Recent findings suggest that not only the lack of physical activity, but also prolonged times of sedentary behaviour where major locomotor muscles are inactive, significantly increase the risk of chronic diseases. The purpose of this study was to provide details of quadriceps and hamstring muscle inactivity and activity during normal daily life of ordinary people. Eighty-four volunteers (44 females, 40 males, 44.1±17.3 years, 172.3±6.1 cm, 70.1±10.2 kg) were measured during normal daily life using shorts measuring muscle electromyographic (EMG) activity (recording time 11.3±2.0 hours). EMG was normalized to isometric MVC (EMG(MVC)) during knee flexion and extension, and inactivity threshold of each muscle group was defined as 90% of EMG activity during standing (2.5±1.7% of EMG(MVC)). During normal daily life the average EMG amplitude was 4.0±2.6% and average activity burst amplitude was 5.8±3.4% of EMG(MVC) (mean duration of 1.4±1.4 s) which is below the EMG level required for walking (5 km/h corresponding to EMG level of about 10% of EMG(MVC)). Using the proposed individual inactivity threshold, thigh muscles were inactive 67.5±11.9% of the total recording time and the longest inactivity periods lasted for 13.9±7.3 min (2.5-38.3 min). Women had more activity bursts and spent more time at intensities above 40% EMG(MVC) than men (p<0.05). In conclusion, during normal daily life the locomotor muscles are inactive about 7.5 hours, and only a small fraction of muscle's maximal voluntary activation capacity is used averaging only 4% of the maximal recruitment of the thigh muscles. Some daily non-exercise activities such as stair climbing produce much higher muscle activity levels than brisk walking, and replacing sitting by standing can considerably increase cumulative daily muscle activity.
Back extension exercises are often used in the rehabilitation of low back pain. However, at present it is not clear how the posterior muscles are recruited during different types of extension exercises. Therefore the present study will evaluate the myoelectric activity of thoracic, lumbar and hip extensor muscles during different extension exercises in healthy persons. Based on these physiological observations we will make recommendations regarding the use of extensions exercises in clinical practice.
In total hip arthroplasty, determining the impingement free range of motion requirement is a complex task. This is because in the native hip, motion is restricted by both impingement as well as soft tissue restraint. The aim of this study is to determine a range of motion benchmark which can identify motions which are at risk from impingement and those which are constrained due to soft tissue. Two experimental methodologies were used to determine motions which were limited by impingement and those motions which were limited by both impingement and soft tissue restraint. By comparing these two experimental results, motions which were limited by impingement were able to be separated from those motions which were limited by soft tissue restraint. The results show motions in extension as well as flexion combined with adduction are limited by soft tissue restraint. Motions in flexion, flexion combined with abduction and adduction are at risk from osseous impingement. Consequently, these motions represent where the maximum likely damage will occur in femoroacetabular impingement or at most risk of prosthetic impingement in total hip arthroplasty.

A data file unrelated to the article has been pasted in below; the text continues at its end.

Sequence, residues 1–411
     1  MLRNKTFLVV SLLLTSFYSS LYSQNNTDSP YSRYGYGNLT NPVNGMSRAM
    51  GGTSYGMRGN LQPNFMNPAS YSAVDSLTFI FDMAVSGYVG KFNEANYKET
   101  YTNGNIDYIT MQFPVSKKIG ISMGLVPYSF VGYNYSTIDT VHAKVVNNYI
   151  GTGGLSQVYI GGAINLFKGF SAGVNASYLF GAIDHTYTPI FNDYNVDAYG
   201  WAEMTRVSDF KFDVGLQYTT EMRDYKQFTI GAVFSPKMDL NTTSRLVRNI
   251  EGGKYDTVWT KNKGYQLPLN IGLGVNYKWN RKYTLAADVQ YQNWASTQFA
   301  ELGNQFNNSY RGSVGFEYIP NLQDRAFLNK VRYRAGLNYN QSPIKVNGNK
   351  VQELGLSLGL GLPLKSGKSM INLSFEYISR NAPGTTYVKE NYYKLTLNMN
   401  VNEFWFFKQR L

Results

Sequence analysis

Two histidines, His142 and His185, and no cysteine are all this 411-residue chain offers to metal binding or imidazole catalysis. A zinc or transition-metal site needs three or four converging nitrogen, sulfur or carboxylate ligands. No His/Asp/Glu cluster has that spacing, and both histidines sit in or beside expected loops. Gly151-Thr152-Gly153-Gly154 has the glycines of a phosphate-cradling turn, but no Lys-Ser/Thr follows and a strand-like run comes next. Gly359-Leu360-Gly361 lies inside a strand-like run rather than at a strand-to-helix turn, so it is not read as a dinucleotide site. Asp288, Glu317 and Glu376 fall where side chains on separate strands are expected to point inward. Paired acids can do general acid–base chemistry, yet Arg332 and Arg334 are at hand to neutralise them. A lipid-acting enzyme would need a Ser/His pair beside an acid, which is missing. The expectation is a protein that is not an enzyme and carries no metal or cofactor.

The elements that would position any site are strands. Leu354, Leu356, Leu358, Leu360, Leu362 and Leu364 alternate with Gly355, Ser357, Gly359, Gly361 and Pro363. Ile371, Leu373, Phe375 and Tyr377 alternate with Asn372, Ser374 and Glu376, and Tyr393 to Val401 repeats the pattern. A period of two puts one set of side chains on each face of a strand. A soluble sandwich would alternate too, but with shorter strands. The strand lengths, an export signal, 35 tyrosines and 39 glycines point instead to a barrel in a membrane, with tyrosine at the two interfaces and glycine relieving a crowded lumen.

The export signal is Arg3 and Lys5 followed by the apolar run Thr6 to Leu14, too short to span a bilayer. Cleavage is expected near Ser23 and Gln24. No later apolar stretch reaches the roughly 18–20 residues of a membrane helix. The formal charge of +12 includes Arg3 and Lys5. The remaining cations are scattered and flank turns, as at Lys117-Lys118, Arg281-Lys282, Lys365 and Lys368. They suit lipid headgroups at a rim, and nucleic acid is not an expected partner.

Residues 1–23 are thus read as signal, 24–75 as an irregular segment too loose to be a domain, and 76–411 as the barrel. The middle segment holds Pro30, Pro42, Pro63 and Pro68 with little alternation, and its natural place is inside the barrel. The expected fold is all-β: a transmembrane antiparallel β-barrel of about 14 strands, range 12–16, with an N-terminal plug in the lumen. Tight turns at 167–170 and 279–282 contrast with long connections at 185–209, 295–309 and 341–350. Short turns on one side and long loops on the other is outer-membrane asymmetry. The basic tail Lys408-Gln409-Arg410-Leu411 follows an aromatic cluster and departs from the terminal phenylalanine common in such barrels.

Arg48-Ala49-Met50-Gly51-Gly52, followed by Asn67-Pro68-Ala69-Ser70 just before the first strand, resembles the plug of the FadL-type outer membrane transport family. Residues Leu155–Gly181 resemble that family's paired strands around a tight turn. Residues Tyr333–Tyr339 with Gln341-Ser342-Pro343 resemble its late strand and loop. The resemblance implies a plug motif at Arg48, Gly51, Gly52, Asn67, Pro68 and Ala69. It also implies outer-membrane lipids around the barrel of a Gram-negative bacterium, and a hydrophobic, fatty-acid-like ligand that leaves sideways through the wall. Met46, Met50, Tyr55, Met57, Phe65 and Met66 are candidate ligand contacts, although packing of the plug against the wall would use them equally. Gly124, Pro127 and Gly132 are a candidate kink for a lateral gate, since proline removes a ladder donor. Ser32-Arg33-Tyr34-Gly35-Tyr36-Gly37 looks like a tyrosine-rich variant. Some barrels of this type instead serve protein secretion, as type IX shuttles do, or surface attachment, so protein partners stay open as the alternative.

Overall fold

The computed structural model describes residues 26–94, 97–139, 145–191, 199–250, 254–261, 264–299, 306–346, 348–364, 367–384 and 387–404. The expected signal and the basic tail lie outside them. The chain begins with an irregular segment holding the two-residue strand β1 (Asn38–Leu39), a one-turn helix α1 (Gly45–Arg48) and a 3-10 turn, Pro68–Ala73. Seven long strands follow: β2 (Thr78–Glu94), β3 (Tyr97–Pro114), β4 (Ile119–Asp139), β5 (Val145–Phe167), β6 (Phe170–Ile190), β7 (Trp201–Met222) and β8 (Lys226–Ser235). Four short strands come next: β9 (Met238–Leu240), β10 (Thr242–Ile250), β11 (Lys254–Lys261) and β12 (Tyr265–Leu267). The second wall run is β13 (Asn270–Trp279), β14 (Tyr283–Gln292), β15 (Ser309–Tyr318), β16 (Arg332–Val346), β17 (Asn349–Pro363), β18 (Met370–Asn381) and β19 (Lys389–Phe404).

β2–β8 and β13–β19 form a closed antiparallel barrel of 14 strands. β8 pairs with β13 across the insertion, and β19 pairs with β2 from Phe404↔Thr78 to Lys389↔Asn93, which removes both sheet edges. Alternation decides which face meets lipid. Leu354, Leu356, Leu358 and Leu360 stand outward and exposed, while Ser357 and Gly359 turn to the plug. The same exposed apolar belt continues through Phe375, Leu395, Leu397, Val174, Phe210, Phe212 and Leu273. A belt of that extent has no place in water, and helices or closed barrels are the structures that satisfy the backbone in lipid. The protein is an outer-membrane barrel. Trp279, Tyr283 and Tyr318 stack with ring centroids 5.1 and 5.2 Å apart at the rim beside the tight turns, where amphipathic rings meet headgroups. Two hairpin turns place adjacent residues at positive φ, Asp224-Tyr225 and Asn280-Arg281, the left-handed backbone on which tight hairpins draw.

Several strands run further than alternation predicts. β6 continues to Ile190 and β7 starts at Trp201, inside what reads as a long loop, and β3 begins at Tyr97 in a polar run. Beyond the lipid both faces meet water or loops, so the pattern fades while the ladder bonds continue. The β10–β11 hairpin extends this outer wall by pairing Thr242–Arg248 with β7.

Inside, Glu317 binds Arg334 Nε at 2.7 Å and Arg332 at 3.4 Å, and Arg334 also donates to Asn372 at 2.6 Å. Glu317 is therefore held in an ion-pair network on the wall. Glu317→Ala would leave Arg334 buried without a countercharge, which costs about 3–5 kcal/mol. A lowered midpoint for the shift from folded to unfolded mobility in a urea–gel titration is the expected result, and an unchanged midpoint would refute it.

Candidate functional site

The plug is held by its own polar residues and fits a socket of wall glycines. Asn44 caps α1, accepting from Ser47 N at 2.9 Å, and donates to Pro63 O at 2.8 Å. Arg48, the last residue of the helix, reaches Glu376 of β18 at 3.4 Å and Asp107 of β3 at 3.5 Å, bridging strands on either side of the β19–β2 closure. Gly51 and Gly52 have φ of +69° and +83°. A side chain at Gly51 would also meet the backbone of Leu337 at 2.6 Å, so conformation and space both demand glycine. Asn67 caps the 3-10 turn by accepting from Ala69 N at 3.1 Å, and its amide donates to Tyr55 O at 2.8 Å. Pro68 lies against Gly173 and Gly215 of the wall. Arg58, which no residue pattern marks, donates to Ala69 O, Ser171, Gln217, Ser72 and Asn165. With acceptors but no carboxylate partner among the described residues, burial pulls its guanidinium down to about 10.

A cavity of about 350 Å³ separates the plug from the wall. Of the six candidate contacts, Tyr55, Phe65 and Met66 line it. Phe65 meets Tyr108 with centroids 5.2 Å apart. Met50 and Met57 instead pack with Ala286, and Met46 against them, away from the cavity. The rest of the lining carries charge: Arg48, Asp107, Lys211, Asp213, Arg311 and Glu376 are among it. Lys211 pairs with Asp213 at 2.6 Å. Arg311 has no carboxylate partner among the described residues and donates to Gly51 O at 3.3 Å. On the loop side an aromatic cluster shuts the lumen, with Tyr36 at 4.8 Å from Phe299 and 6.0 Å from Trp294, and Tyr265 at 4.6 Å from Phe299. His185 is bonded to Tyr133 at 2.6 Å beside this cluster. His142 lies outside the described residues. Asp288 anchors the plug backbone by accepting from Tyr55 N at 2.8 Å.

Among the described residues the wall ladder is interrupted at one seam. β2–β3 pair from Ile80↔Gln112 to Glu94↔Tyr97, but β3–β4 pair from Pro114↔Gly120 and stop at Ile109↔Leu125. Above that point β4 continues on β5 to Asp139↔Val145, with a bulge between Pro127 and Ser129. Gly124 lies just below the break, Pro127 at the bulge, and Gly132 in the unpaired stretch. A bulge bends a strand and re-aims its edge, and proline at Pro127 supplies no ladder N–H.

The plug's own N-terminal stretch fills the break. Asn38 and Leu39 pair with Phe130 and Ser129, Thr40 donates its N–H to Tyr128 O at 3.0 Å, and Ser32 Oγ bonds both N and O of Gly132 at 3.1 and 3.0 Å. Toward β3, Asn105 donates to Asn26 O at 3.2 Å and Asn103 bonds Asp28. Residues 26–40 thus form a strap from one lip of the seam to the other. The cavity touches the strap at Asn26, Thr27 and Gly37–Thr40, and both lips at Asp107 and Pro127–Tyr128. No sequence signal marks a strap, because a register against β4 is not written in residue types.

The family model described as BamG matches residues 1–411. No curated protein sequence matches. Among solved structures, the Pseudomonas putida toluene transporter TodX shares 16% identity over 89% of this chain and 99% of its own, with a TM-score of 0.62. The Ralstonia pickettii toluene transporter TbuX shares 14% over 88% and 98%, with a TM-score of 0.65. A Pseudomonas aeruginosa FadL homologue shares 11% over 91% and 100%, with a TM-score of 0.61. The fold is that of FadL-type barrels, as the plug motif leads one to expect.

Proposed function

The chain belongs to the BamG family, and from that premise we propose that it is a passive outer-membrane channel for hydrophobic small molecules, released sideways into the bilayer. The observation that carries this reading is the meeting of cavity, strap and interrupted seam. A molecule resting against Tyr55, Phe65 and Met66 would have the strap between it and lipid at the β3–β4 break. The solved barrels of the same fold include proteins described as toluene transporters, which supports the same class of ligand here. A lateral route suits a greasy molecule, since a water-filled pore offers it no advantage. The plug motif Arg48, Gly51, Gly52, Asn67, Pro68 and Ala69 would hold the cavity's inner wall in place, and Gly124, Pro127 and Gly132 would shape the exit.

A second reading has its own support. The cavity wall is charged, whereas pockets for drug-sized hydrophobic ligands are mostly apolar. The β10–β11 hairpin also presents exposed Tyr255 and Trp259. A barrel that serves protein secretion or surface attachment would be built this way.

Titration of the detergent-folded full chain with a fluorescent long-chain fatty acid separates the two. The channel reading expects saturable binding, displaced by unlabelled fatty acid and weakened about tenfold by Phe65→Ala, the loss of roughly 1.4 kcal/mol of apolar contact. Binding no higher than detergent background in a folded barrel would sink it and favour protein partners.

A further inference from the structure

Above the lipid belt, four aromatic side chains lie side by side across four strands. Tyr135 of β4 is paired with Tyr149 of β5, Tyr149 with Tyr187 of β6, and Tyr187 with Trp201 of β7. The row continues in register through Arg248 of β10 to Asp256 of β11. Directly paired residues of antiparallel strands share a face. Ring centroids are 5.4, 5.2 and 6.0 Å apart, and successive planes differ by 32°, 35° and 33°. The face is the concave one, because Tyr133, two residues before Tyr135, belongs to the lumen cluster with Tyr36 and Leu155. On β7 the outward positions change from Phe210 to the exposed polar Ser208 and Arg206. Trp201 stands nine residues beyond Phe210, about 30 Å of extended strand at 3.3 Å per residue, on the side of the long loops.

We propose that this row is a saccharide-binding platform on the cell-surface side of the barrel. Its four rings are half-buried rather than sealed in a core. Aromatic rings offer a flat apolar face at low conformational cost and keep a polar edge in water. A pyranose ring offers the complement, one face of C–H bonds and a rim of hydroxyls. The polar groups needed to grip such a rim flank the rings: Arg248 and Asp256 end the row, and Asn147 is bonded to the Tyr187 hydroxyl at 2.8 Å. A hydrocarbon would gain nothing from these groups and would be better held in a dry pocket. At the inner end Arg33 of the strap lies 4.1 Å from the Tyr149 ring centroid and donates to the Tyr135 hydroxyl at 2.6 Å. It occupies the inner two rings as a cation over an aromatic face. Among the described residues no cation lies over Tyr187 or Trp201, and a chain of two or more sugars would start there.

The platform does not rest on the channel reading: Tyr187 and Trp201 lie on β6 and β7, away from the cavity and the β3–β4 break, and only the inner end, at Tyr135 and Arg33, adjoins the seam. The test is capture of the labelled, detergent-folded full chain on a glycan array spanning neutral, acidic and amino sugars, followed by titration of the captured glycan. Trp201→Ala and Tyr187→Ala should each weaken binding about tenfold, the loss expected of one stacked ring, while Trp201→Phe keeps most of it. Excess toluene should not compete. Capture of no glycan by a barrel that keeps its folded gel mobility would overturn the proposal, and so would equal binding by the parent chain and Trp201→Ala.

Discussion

BACKGROUND: A common goal of persons post-stroke is to regain community ambulation. The plantar flexor muscles play an important role in propulsion generation and swing initiation as previous musculoskeletal simulations have shown. The purpose of this study was to demonstrate that simulation results quantifying changes in plantar flexor activation and function in individuals post-stroke were consistent with (1) the purpose of an intervention designed to enhance plantar flexor function and (2) expected muscle function during gait based on previous literature. METHODS: Three-dimensional, forward dynamic simulations were created to determine the changes in model activation and function of the paretic ankle plantar flexor muscles for eight patients post-stroke after a 12-weeks FastFES gait retraining program. RESULTS: An median increase of 0.07 (Range [-0.01,0.22]) was seen in simulated activation averaged across all plantar flexors during the double support phase of gait from pre- to post-intervention. A concurrent increase in walking speed and plantar flexor induced forward center of mass acceleration by the plantar flexors was seen post-intervention for seven of the eight subject simulations. Additionally, post-training, the plantar flexors had an simulated increase in contribution to knee flexion acceleration during double support. CONCLUSIONS: For the first time, muscle-actuated musculoskeletal models were used to simulate the effect of a gait retraining intervention on post-stroke muscle model predicted activation and function. The simulations showed a new pattern of simulated activation for the plantar flexor muscles after training, suggesting that the subjects activated these muscles with more appropriate timing following the intervention. Functionally, simulations calculated that the plantar flexors provided greater contribution to knee flexion acceleration after training, which is important for increasing swing phase knee flexion and foot clearance.